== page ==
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826 IEEE TRANSACTIONS ON VEHICULAR TECHNOLOGY, VOL. 43, NO. 4.

NOVEMBER 1994

Statistical Properties of Mobile-to-Mobile


Land Communication Channels
Abdulkader S . Akki, Member, IEEE

Absfract-Statistical properties of mobile-to-mobile land com-


munication channels have been developed. In particular, the 1
level-crossing rate and duration of fades of the envelope, the
probability distribution of random FM, the expected number of
crossings of the random phase and random FM of the channel, 0.1
and the power spectrum of random FM of the channel have been
considered.
001
I. INTRODUCTION

A STATISTICAL model of mobile-to-mobile land com-


munication channels together with the probability dis-
tribution of the received envelope and phase, spatial-time
0.00 1
-40 -35 -30 -25 -20
P dn
-15 -10 -5 0 5

correlation function, and the power spectral density of the com- -a - 0 -a - 0 . 6 ~ a-1

plex envelope were previously developed [I]. The channel was Fig. I . Normalized level-crossing rates of the envelope.
shown to be a narrow-band Gaussian process of symmetrical
spectrum.
This paper is a continuation of Akki and Haber's paper where
[ 11, with emphasis on statistical properties of the channel. The R
p=-
level-crossing rate and duration of fades of the envelope, the
probability distribution of random FM, the expected number of m (4)

crossings of the random phase and random FM of the channel, and ~2 is the second moment of the spectrum S ( f ) of the
and the power spectrum of the random FM of the channel are channel. It is shown in Appendix A that it is given by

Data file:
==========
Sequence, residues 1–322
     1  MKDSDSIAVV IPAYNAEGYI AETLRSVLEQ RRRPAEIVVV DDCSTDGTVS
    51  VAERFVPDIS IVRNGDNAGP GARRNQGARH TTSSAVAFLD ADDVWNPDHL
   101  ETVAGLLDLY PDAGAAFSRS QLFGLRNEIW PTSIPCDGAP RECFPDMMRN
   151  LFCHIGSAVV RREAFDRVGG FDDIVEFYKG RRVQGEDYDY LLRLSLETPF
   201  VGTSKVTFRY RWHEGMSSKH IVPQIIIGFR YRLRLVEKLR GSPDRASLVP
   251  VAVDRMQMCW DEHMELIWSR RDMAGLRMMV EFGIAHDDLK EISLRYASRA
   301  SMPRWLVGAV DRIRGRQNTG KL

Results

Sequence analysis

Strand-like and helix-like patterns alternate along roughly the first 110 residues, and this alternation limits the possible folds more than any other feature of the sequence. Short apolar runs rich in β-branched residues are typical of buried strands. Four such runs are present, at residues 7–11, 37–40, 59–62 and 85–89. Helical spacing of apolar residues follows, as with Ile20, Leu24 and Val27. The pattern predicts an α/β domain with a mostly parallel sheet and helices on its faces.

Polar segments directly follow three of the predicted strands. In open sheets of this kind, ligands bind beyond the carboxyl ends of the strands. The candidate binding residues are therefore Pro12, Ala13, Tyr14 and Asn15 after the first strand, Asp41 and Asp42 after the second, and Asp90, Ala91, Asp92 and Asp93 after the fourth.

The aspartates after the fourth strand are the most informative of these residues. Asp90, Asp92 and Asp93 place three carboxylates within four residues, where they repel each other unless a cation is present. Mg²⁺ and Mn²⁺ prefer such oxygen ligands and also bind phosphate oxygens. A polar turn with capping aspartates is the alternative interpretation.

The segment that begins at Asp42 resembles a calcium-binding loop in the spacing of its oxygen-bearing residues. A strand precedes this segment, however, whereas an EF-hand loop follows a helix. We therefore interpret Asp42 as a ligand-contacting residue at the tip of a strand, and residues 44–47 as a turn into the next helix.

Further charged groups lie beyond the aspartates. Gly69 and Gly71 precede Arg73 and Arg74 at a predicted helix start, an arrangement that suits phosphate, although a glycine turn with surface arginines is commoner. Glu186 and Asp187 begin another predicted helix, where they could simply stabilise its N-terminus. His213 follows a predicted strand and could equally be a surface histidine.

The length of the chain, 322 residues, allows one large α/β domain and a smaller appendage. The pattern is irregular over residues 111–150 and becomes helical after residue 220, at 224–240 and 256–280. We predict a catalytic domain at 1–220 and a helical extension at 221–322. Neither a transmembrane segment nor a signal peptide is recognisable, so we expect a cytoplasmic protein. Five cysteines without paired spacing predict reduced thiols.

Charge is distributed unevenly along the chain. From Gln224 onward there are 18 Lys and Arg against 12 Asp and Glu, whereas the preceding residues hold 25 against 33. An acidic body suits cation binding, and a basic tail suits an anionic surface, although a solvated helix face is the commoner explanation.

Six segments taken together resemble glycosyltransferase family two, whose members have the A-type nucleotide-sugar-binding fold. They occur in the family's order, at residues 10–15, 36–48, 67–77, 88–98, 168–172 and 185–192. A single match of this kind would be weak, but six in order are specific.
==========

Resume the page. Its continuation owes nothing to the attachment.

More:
particularly developed.
20i 2
P2 = (2w) T f , l ( l + fi2) (5)
11. CHANNEL
CHARACTERISTICS
where a = V2/Vl,f m l = Vl/X, and VI and V2 are the speed
A . Level-Crossing Rate of the Envelope
of the transmitter and the receiver, respectively, X represents
The rate at which the signal envelope crosses a specified the carrier wavelength, and f m l is the Doppler frequency
signal level R in the positive direction is given by the level- corresponding to the speed VI of the transmitting unit. The
crossing rate N R . It is given by [4] normalized level-crossing rate is given by

NR = 1 c
f p ( R, f ) d f (1)

where the dot indicates time derivative, and p(R,f ) is the joint If a = 0, it reduces to that of the case of the base-to-mobile
density function of r and i. at 'r = R. channel shown in [ 5 ] .
Since the channel is Gaussian, it can be shown [4] that the As expected, the level-crossing rate increases as the speed
integral reduces to of the mobile transmitter and receiver increases. With the